Leo: You keep trying stuff. Got it.

Steve: Yes. Try things in a forward direction and see what comes out.

Leo: Which is why my truly random password is going to be very difficult because they would have to try stuff. It would only be bad passwords that would be guessed.

Steve: Exactly. And so the bad passwords are all being found fast because that's what they're trying first.

Leo: So they'll use presumably a dictionary of some kind where they just try common passwords like "abc123" or "adasdf."

Steve: Yeah. And apparently they did try "linkedinsucks" because it's one of the ones that has been cracked.

Leo: I bet you a lot of people had that password. So if you did as I did, and I've just done again, I used LastPass to randomly generate a password. It seems highly unlikely that a good random password of sufficient length would be guessed.

Steve: Very, very unlikely. And also consider this is not a high-value get anyway.

Leo: Right, right. There's no credit card in here.

Steve: I mean, you were almost - you were almost not caring if someone did get your password. It's like, eh, let's see if I get hacked. Because it's LinkedIn, who cares?

Leo: Who cares, exactly.

Steve: So, yeah, exactly. So if it were really high-value database, then first of all one would hope that the security would be better. But then you really would want to change your password. And there would be more motivation on the part of the attackers to crack people's hashes and figure out what their passwords were. But in this case - and we're presuming the usernames were stolen, too. They only posted the passwords. The presumption is they have matching usernames. Thus the reason they're going through all this trouble of tracking these things down. So I think next week we will be saying, well, here's the damage that was done because lots of LinkedIn users are going to find their accounts were hacked.

Leo: Yeah. Wow. It's kind of a double strike, as you said, because of this calendar stuff. Maybe, I would guess, a few people would take the opportunity to cancel their LinkedIn account at this point.

Steve: Well, yes.

Leo: That'd be another thing you could do.

Steve: And it is definitely a black eye. It is way, we're way beyond the point where there is any excuse for this being the - I'll put "security" in quotes - the "security" architecture for LinkedIn, a substantial, out-in-the-front-of-the-pack, state-of-the-art, web-based system. To be having unsalted SHA passwords, that's nuts. I mean, it's just like - that's a decade ago technology. All the OSes are off of that. Everyone who's doing security, knows what they're doing, are off of that. So this was just written by somebody in the beginning who didn't think it was going to amount to much, and it did. Briefly.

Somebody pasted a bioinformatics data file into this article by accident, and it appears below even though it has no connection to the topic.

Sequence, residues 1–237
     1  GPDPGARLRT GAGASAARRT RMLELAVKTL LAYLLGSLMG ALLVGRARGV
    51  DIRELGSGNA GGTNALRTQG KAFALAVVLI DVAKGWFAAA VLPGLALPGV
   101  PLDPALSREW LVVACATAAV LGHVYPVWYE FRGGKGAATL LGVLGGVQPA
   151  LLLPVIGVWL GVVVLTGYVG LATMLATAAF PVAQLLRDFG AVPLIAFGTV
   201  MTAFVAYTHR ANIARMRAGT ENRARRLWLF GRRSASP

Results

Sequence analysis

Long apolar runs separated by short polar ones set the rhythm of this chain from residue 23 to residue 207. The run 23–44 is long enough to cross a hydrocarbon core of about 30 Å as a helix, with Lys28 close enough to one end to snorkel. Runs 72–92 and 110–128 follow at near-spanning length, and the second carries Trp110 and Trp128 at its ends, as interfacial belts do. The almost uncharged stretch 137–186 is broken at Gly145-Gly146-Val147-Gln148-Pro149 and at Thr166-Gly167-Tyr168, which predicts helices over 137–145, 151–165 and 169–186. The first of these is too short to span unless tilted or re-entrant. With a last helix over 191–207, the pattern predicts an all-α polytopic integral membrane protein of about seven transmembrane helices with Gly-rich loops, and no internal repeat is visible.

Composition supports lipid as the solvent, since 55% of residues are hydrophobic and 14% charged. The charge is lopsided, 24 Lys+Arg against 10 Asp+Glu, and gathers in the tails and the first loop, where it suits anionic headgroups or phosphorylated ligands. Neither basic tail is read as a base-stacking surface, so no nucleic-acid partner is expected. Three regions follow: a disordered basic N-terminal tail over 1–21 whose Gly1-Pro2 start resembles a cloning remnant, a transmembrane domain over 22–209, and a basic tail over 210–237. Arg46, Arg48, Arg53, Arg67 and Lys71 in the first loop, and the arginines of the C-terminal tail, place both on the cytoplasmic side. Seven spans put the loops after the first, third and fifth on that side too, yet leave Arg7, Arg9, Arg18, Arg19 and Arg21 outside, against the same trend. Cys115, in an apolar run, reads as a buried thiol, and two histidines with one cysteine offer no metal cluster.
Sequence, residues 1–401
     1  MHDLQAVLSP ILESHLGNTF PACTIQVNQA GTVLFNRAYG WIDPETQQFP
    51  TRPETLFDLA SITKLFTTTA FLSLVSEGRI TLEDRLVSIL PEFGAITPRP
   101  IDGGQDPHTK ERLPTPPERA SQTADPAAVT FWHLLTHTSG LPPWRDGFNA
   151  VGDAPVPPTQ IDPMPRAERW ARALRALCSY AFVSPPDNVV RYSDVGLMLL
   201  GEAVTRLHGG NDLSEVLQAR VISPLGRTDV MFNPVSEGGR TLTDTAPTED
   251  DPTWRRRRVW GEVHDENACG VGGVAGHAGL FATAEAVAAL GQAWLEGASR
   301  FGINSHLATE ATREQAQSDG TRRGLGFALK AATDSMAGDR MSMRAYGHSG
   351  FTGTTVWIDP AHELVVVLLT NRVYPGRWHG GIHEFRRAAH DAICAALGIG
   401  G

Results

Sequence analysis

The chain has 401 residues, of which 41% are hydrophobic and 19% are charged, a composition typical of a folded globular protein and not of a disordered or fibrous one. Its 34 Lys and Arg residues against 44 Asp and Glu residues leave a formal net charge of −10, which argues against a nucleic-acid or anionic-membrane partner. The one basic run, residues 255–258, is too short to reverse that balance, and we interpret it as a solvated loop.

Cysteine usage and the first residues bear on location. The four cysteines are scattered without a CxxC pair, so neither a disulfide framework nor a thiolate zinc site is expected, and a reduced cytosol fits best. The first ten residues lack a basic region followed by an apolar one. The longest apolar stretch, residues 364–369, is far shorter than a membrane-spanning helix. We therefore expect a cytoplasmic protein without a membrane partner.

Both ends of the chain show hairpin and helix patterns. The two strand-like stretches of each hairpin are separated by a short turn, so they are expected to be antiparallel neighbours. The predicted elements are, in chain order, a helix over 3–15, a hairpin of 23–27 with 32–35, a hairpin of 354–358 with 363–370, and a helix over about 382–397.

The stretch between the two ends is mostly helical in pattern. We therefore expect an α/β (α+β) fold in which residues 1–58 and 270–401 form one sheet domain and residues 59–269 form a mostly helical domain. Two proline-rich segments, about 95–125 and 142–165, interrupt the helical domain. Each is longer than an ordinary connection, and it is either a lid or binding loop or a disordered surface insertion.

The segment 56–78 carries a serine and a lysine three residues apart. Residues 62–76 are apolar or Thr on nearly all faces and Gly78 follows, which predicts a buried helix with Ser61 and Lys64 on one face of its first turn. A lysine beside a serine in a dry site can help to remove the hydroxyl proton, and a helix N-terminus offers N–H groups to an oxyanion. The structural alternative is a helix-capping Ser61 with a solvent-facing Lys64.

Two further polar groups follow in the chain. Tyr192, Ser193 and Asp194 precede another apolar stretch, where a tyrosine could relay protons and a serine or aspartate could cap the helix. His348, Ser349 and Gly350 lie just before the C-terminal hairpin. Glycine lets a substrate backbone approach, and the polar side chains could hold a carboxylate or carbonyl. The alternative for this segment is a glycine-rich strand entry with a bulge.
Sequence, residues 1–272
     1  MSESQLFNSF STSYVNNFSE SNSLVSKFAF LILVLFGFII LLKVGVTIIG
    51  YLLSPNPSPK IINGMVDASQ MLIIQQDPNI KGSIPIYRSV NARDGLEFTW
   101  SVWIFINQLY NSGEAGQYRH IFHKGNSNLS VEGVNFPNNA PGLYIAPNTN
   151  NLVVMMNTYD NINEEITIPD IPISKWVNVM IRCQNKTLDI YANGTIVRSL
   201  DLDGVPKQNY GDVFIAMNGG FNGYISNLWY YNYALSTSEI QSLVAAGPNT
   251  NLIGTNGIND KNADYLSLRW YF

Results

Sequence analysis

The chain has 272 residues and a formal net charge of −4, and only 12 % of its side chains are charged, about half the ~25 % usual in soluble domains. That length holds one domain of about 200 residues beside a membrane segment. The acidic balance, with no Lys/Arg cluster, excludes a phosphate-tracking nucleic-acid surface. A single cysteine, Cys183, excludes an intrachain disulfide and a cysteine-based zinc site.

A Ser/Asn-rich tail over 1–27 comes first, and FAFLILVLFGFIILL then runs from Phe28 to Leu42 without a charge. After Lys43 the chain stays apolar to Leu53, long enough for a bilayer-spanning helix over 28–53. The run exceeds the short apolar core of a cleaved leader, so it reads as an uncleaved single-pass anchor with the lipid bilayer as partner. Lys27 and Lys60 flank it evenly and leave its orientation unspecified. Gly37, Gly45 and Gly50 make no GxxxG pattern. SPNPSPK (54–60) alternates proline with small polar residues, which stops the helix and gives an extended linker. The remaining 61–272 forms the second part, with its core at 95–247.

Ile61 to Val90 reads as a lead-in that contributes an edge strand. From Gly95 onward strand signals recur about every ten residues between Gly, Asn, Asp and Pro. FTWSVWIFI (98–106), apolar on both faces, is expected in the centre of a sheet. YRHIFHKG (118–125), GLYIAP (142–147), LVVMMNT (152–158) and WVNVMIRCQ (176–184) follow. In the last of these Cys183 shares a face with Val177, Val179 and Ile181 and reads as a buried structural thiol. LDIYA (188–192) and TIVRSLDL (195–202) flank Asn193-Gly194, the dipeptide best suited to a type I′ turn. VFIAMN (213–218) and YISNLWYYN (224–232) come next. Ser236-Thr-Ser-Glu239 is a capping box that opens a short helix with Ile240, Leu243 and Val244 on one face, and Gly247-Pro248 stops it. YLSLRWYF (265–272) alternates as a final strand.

Leo: Actually LinkedIn can tweet on my behalf, so I am glad I did not let somebody use my account.

Steve: Ah, yup.

Leo: That wouldn't be good.

Steve: That'd not be good.

Leo: No.

Steve: So there was an article a couple weeks ago that I meant to talk about, and it just sort of fell through the cracks, but I saw it again, and I thought, okay, I just need to mention this. And that was - and this is all in this domain that we're in today, talking about state-sponsored cyberwar. And that was the question of Chinese putting backdoors in our chips. There was a rather inflammatory claim made by a company that reverse-engineers chips by popping the lids off of them and looking at them and essentially figuring out what the schematic is of the integrated chip by peeling off the layers of metallization that glue these chips together. And then they've got technology for automating this. And they made the claim that chips being made in China and installed in U.S. networking equipment had backdoors. Now, the good news...

Leo: Well, then. Hello there.

Steve: Yes. Now...

Leo: That's nice.

Steve: So here I am laughing that Iran's government agency people are using Windows that's made in Seattle at Microsoft. At the same time, we obviously have an entire infrastructure in the United States of chips from China.

Leo: Now, you'd need physical access to the backdoor; right?

Steve: Well, okay. So it now looks like this was a false positive, that in fact the interface that this hardware reverse-engineering company found was - it was a known diagnostic portal into the chip.

Leo: Oh. Not malicious, in other words.

Steve: Exactly. It was part of the original design, not something put in afterwards. But yes, you would - no, you wouldn't need - presumably there was a crypto key that you could use for accessing this remotely. So I'm not wanting to be too quick to laugh here at foreign governments using United States operating system because we're using chips which have all come from a substantial foreign government, and we don't know what has been done to them. I mean, you'd have to open them up. I mean, the problem is finding out. You have to open them up and reverse-engineer every single chip that you're getting, and that's not feasible.